TABLE 17 Regression with endogenous treatment effects of care utilisation on asset use

Dependent variable (second stage) Coefficient 95% CI p-value

GP visits –1.13 –2.769 to 0.509 p=0.177 Hospital (OP) –1.09 –2.621 to 0.437 p=0.162 Total costs –183.10 –434.195 to 68.015 p=0.153 Net benefit £12,936 2288.30*** 1067.941 to 3508.697 p<0.001 Net benefit £20,000 3264.20*** 1473.523 to 5054.834 p<0.001 Net benefit £30,000 4665.90*** 2061.963 to 7269.757 p<0.001 *p<0.05, **p<0.01, ***p<0.001. OP, outpatient. Note

TABLE 18 Short-term effect of starting community asset use

Difference

Treatment

effect p-value 95% CI

Matching

variable Matching technique

EQ-5D score 0.035 p=0.044 0.001 to 0.070 (a) Nearest neighbour with one match

EQ-5D score 0.040 p=0.012 0.008 to 0.070 (b) Nearest neighbour with one match

EQ-5D score 0.058 p<0.0001 0.031 to 0.085 (b) Nearest neighbour with five matches

EQ-5D score 0.017 p=0.026 0.002 to 0.033 (b) Propensity score match with five

matches

Number of GP visits 0.238 p=0.421 0.342 to 0.819 (c) Nearest neighbour with five matches

Number of hospital (OP) visits

0.321 p=0.341 0.339 to 0.980 (c) Nearest neighbour with five matches

Total NHS costs 33.03 p=0.510 65.35 to 131.42 (c) Nearest neighbour with five matches

Net benefit £12,936 751.50 p<0.0001 349.30 to 1153.70 (c) Nearest neighbour with five matches

Net benefit £20,000 1197.86 p<0.0001 631.68 to 1764.03 (c) Nearest neighbour with five matches

Net benefit £30,000 1829.82 p<0.0001 1019.89 to 2639.75 (c) Nearest neighbour with five matches

(a), age, sex, living arrangements and presence of limiting health conditions (all as reported in wave 1); (b), as in (a) but with wave 1 EQ-5D score added in; (c), as in (b) but with baseline value of dependent variable; OP, outpatient.

Note

Sample size is 1455 in all models, of which 302 individuals are treated (start use). Each treatment effect estimate is calculated in a separate model.

TABLE 19 Short-term effect of stopping community asset use

Difference

Treatment

effect p-value 95% CI

Matching

variable Matching technique

EQ-5D score –0.036 p=0.006 0.061 to0.010 (a) Nearest neighbour with one match

EQ-5D score –0.020 p=0.064 0.041 to 0.001 (b) Nearest neighbour with one match

EQ-5D score –0.019 p=0.033 0.037 to0.002 (b) Nearest neighbour with five matches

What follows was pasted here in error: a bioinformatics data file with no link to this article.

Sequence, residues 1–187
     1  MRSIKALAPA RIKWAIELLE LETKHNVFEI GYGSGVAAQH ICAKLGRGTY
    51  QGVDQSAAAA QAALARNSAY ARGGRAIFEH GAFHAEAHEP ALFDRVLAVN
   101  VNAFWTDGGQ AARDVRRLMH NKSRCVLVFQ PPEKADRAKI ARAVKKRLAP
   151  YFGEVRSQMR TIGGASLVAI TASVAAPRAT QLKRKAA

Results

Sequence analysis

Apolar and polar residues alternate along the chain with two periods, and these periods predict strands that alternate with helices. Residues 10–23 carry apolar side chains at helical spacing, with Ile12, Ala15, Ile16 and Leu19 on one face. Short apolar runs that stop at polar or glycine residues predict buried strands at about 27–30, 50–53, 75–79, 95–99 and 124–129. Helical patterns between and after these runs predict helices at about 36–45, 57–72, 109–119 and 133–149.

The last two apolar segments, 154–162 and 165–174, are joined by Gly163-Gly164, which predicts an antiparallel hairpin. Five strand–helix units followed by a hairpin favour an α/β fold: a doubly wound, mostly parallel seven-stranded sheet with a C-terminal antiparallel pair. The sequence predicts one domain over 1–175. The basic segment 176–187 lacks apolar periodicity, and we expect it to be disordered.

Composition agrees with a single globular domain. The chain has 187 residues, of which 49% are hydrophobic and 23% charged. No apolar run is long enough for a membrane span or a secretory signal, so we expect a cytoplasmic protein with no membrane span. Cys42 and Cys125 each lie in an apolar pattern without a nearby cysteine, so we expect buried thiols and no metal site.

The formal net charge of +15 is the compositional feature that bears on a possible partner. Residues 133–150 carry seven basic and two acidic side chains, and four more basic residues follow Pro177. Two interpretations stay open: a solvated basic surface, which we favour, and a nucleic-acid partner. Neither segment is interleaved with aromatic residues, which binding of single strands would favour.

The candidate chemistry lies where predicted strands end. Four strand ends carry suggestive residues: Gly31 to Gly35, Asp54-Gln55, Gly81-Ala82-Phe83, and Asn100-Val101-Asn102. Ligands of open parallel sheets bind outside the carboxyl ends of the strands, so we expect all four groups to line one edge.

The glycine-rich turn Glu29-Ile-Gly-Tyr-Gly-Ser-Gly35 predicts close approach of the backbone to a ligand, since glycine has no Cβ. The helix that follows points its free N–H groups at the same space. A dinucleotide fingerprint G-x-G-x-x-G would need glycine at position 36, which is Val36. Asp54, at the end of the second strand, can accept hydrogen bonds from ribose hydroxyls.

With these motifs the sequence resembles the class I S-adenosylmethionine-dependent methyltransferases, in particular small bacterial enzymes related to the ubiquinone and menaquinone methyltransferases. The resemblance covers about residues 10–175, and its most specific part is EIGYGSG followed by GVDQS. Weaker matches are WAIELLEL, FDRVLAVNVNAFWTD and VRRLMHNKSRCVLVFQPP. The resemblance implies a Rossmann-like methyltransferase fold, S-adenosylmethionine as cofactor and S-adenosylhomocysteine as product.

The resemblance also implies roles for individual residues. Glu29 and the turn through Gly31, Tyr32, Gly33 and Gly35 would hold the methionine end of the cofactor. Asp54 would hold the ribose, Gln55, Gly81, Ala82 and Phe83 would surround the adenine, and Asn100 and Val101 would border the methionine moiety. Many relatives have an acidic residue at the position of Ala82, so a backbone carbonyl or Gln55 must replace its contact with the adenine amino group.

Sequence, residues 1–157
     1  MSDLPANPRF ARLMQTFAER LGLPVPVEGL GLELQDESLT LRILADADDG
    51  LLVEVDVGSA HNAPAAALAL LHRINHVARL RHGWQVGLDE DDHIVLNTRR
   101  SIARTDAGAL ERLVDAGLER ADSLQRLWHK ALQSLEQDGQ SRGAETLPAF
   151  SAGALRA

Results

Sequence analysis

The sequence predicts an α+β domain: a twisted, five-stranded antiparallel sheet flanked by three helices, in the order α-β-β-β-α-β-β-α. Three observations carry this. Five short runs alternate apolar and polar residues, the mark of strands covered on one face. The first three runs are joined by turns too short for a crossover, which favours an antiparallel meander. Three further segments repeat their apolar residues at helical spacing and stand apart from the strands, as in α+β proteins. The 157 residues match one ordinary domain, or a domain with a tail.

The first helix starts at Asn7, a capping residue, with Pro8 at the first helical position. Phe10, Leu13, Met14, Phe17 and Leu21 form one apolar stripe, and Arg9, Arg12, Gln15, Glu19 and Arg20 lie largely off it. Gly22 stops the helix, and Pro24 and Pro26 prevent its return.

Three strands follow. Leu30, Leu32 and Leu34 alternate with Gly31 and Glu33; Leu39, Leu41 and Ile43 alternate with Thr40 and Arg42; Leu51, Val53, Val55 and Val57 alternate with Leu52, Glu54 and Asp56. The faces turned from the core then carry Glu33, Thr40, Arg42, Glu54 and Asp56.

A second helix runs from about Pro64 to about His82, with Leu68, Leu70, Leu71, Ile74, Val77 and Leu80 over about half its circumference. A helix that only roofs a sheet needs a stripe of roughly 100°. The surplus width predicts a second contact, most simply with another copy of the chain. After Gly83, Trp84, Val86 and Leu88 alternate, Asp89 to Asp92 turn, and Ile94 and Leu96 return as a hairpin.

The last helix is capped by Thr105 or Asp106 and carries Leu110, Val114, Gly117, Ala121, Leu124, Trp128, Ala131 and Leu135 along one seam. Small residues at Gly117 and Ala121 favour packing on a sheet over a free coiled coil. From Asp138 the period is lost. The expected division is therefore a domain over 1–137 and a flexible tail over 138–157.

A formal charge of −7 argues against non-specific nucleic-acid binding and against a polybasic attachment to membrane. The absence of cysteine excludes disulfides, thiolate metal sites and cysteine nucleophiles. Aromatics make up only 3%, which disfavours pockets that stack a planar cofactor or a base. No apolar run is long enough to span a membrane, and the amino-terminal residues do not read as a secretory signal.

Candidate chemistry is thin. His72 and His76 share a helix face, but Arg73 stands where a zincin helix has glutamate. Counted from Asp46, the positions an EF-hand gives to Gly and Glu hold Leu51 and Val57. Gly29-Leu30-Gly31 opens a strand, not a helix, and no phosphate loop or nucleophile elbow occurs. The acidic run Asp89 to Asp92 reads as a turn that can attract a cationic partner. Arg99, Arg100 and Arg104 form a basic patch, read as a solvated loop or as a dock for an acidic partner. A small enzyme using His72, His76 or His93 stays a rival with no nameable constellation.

EQ-5D score –0.014 p=0.064 0.029 to 0.001 (b) Propensity score match with five

matches

Number of GP visits –0.210 p=0.125 0.478 to 0.058 (c) Nearest neighbour with five matches

Number of hospital (OP) visits

–0.018 p=0.912 0.3412 to 0.305 (c) Nearest neighbour with five matches

Total NHS costs –10.09 p=0.708 62.84 to 42.65 (c) Nearest neighbour with five matches

Net benefit £12,936 –185.11 p=0.190 461.90 to 91.68 (c) Nearest neighbour with five matches

Net benefit £20,000 –297.21 p=0.143 694.89 to 100.46 (c) Nearest neighbour with five matches

Net benefit £30,000 –455.91 p=0.119 1029.36 to 117.54 (c) Nearest neighbour with five matches

(a), age, sex, living arrangements and presence of limiting health conditions (all as reported in wave 1); (b), as in (a) but with wave 1 EQ-5D score added in; (c), as in (b) but with baseline value of dependent variable; OP, outpatient.

Note

Sample size is 1542 in all models, of which 455 individuals are treated (stop use). Each treatment effect estimate is calculated in a separate model.

Difference

Treatment

effect p-value 95% CI

Matching

variable Matching technique

EQ-5D score 0.043 p=0.045 0.001 to 0.086 (a) Nearest neighbour with one match

EQ-5D score 0.042 p=0.005 0.01 to 0.071 (b) Nearest neighbour with one match

EQ-5D score 0.050 p=0.001 0.022 to 0.078 (b) Nearest neighbour with five matches

EQ-5D score 0.037 p=0.007 0.010 to 0.064 (b) Propensity score match with five

matches

Number of GP visits –0.693 p=0.168 1.679 to 0.292 (c) Nearest neighbour with five matches

Number of hospital (OP) visits

–0.122 p=0.438 0.431 to 0.187 (c) Nearest neighbour with five matches

Total NHS costs –84.38 p=0.065 173.89 to 5.14 (c) Nearest neighbour with five matches

Net benefit £12,936 859.02 p<0.0001 444.01 to 1274.03 (c) Nearest neighbour with five matches

Net benefit £20,000 1235.96 p<0.0001 642.07 to 1829.85 (c) Nearest neighbour with five matches

Net benefit £30,000 1769.56 p<0.0001 913.00 to 2626.12 (c) Nearest neighbour with five matches

(a), age, sex, living arrangements and presence of limiting health conditions (all as reported in wave 1); (b), as in (a) but with wave 1 EQ-5D score added in; (c), as in (b) but with baseline value of dependent variable; OP, outpatient.

Note

Sample size is 878 in all models, of which 178 individuals are treated (start use). Each treatment effect estimate is calculated in a separate model.

TABLE 21 Long-term effect of stopping community asset use

Difference

Treatment

effect p-value 95% CI

Matching

variable Matching technique

EQ-5D score –0.054 p=0.124 0.124 to 0.015 (a) Nearest neighbour with one match

EQ-5D score –0.033 p=0.119 0.074 to 0.008 (b) Nearest neighbour with one match

EQ-5D score –0.041 p=0.038 0.079 to0.002 (b) Nearest neighbour with five matches

EQ-5D score –0.020 p=0.342 0.060 to 0.021 (b) Propensity score match with five

matches

Number of GP visits 0.370 p=0.215 0.215 to 0.956 (c) Nearest neighbour with five matches

Number of hospital (OP) visits

0.317 p=0.391 0.408 to 1.041 (c) Nearest neighbour with five matches

Total NHS costs 51.72 p=0.412 71.76 to 175.20 (c) Nearest neighbour with five matches

Net benefit £12,936 –668.20 p=0.044 1319.24 to17.16 (c) Nearest neighbour with five matches

In document Improving care for older people with long-term conditions and social care needs in Salford : the CLASSIC mixed-methods study, including RCT (Page 73-86)